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“Australia is not as good at sport anymore because their culture has changed,” he argues of his native land.

“It used to be a very isolated country before the internet and globalisation. When I grew up it was all about sport [one of his early routines involves him joking about an equal love for death metal and cookery at the expense of team activities].

"But now the country has changed and, through the influence of the US, it’s becoming a police state.

“You can’t push fascist agendas in Europe, because they’ve seen it all before. But in Australia, especially white Australia where no one’s been oppressed, they’re laying these oppressive ideals on people.

"They have an anti-jaywalking campaign called Operation Disobedience! (TNT assumes this is a gag, as we’re not sure any such campaign exists). I’d like to see them try that name in France!”

Anything else Down Under that irates? Yep. “They’ve become more superficial and shallow. They’re all going: ‘We’re not worried about being racist anymore we just care how much cash you’ve got!’”

Whether it’s the impending onset of global conflict and our future subservience or the changing attitudes of his homeland, Hughes is equally irked by the little things and refuses to be constrained by popular logic.

“They say that 64 per cent of Australians are obese now – are you kidding me? Those cunts can’t stop running around in the sun! All they do is get ‘experts’ to come in and redefine what obese is. It is all crap to take control.”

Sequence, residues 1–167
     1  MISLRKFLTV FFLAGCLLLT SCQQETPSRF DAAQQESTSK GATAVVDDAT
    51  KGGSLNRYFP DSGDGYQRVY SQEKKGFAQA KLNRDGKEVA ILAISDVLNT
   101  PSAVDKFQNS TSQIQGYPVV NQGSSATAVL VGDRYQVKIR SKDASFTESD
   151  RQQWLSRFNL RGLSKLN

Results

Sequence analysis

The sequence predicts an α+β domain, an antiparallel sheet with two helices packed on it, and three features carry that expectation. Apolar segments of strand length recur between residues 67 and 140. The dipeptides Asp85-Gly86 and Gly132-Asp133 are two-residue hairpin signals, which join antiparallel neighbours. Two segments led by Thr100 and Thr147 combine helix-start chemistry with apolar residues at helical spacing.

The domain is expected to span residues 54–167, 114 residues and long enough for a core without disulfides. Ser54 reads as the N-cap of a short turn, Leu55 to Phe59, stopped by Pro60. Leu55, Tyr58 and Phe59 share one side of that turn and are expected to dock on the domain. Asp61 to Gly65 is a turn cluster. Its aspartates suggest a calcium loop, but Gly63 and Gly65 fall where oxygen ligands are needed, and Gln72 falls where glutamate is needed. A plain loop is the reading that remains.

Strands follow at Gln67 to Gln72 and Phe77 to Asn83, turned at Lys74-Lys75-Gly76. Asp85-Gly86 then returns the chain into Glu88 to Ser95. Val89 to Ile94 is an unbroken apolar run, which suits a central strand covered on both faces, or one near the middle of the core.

As heavy as this sounds, his ‘fight the power’ routine is peppered with observations of contemporary life he simply views as sensible – juxtaposing prejudices and ignorances with an honest view of the world and its people. How it is versus how it should be. And he stands by every word.

But far from being an anger-driven comic, he is just as much a campaigner for a future in which we all live in peace and harmony, where man is good to man, and above all, good times run riot.

More than that, despite his perceivably preachy theorising, he is also very, very funny indeed.

A natural on the stage, there’s little difference between stage Steve and off-stage Steve – and he has a roaring laugh.

The black-clad former Slaughter Lord thrash metal drummer is also full of surprises, whether it be with a tangent in his shows’ breathless narrative or with his side projects.

He’s certainly the last person you’d expect to find voicing an animated character.

“We’ve had this little demon character for years now, a spawn of Satan little thing,” he says of his voice role in a Sydney animator friend’s in-development movie.

“We even have a pop song that we wrote for the boy band in the film!”

Despite being unapologetically one-minded in his views, Hughes is not short of self-awareness.

If I thought all the time about the things that I think about the future, I’d wind up in my fucking room reading Nietzsche with the windows blacked out,” he says. Full-on can’t be full-time.

“I met this great artist recently in Finland [while on tour], who was actually really excited about living in these times.

"He thought about our consciousness expanding and people being allowed to be who and what they were, so it all depends on your viewpoint.” So what’s yours?

Big Issues  Leicester Square Theatre, WC2H 7BX.
December 6
& 7. £14 
Tube | Leicester Square 
leicestersquaretheatre.com

Photos: Getty, Zakarij Kaczmarek


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Interview: Aussie comedian Steve Hughes discusses his re-tooled Big Issues show and why he's just as irked as ever
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